Economy

Importers may find FSSAI’s proposed regulatory amendments ‘unpalatable’

Meenakshi Verma Ambwani New Delhi | Updated on November 17, 2020 Published on November 17, 2020

The latest proposal of the Food Safety and Standards Authority of India (FSSAI) to make registration, inspection and audit mandatory for foreign food manufacturing facilities that export food products to India in certain categories, could be seen as a “non-tariff” trade barrier and will increase the compliance burden for food importers.

In a move that has caught food importers by surprise, the FSSAI is mulling amendments in import regulations, and in certain categories has proposed – based on food safety risk analysis – making registration, inspection and audit mandatory for foreign food manufacturing facilities that export to India.

The FSSAI has not outlined the food categories in its draft regulation. But industry players said categories such as meat, dairy, water, infant food or products for special dietary purposes are considered to be high-risk food product categories. The regulator has now sought views from stakeholders on the proposed Food Safety and Standards (Import) Amendment Regulations, 2020.

More clarity sought

Meanwhile, industry associations have sought more clarity on the food categories that will come under the ambit of the proposed regulations.

“The Food Authority may, from time to time, based on the risk, specify the categories of food products to be exported to India, for which inspection or audit of Foreign Food manufacturing facilities producing such categories of foods shall be mandatory,” the draft regulation stated. The draft regulations added that such foreign manufacturing facilities will need to register with the food authority “before exporting to India”. Such facilities will be allowed to register with the FSSAI, either directly or through food importers.

According to the draft regulations, the food safety authority will nominate officials from the FSSAI and relevant Ministry, organisation or departments for inspection of these international food manufacturing facilities.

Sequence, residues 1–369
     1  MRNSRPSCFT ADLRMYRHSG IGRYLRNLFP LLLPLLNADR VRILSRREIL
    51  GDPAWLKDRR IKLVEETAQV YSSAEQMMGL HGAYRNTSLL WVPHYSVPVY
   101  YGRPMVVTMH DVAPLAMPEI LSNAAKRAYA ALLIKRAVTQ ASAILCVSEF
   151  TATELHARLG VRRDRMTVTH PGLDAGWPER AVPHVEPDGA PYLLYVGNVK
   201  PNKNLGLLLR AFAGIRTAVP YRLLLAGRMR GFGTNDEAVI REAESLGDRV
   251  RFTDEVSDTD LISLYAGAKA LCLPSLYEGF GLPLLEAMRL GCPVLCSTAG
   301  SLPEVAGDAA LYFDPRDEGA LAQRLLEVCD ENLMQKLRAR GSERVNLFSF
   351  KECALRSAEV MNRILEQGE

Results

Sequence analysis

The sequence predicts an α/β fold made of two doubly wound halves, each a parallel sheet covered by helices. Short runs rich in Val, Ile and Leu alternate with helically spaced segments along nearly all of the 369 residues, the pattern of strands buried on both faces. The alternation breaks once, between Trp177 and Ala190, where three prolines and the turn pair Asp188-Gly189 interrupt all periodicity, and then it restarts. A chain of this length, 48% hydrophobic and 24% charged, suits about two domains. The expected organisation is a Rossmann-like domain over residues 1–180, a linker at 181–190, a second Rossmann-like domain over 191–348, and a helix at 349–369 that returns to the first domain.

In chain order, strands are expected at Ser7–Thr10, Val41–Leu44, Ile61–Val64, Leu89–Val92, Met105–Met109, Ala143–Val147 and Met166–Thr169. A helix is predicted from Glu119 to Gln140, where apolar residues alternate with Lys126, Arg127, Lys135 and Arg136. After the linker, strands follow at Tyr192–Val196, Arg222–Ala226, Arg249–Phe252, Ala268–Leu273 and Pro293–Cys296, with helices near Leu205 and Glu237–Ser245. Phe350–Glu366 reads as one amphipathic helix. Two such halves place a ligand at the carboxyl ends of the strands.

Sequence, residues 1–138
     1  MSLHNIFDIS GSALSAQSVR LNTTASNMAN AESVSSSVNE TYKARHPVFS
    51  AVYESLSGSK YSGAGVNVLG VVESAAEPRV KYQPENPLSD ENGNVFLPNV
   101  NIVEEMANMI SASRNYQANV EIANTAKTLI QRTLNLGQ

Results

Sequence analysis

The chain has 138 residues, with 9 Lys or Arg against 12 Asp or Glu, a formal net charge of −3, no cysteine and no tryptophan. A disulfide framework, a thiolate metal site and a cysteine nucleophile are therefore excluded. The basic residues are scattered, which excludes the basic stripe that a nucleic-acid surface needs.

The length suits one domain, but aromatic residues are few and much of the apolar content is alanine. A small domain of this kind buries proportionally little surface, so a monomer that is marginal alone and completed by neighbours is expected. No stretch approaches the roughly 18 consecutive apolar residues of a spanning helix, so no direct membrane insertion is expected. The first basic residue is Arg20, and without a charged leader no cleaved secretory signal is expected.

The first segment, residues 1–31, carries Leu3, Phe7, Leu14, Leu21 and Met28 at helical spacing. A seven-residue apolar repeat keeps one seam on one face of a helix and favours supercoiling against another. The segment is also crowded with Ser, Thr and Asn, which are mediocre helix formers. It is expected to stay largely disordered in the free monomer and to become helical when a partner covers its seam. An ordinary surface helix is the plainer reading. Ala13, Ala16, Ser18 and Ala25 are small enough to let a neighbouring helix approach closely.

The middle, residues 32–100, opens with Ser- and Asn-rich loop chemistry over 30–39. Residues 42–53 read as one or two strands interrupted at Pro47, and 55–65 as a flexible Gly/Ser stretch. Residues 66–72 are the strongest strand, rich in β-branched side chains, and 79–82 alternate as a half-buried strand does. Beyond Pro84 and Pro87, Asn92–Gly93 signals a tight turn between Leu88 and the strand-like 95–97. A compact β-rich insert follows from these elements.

“Foreign food manufacturing facility found to be in compliance of FSS Act rules and regulation made there-under shall be registered as Foreign Food manufacturing facilities for a period of five years,” the draft regulations added. It added that the international manufacturing facilities that are not in compliance with the rules and regulations of the FSS Act will be rejected, and may be allowed to apply for registration again after taking remedial actions following the requisite procedures.

Such international food manufacturing facilities that export to India (based on the categories identified by the regulator that require mandatory audit) will also be required to get their facilities audited by an audit agency recognised by the FSSAI. “Frequency of audit shall be specified by the Food Authority from time to time,” the draft regulations stated.

“If foreign food manufacturing facility or their food products are found not to be in compliance of the FSS Act rules and regulation made there-under, their registration as foreign food manufacturing facilities shall be suspended or cancelled. However, the Food Authority may review the same after giving opportunity for hearing or clarificationas deemed fit,” the draft regulations stated.

Ease of doing business

Food importers have raised concerns about potential delays and hindrances in the ease of doing business. Amit Lohani, Founder- Director, Forum of India Importers (FIFI), said: “Prima facie this appears to be trade restrictive and the FIFI is seeking more details from the FSSAI in terms of product categories included, inspection criteria, and other information. In the current era of globalisation, India cannot be seen as a country which on one hand is inviting investors and on other hand taking such restrictive measures.”

Lohani said that this may be viewed as a “non-tariff barrier to trade”, and there are fears “similar kind of translation coming to goods exported from India to the world”. He added that government bodies should consider the Atmanirbhar campaign as more holistic and inclusive.

Subodh Jindal, President, All India Food Processors’ Association, said: “The compliance burden on importers, importer entities and government authorities will increase considerably if the proposed regulations are implemented. It is observed that there is a lot of pendency faced by importers at the ports. The authorities should first focus on making the entire process of imports and testing of products more seamless and quick so that importers do not suffer delays.”

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Published on November 17, 2020
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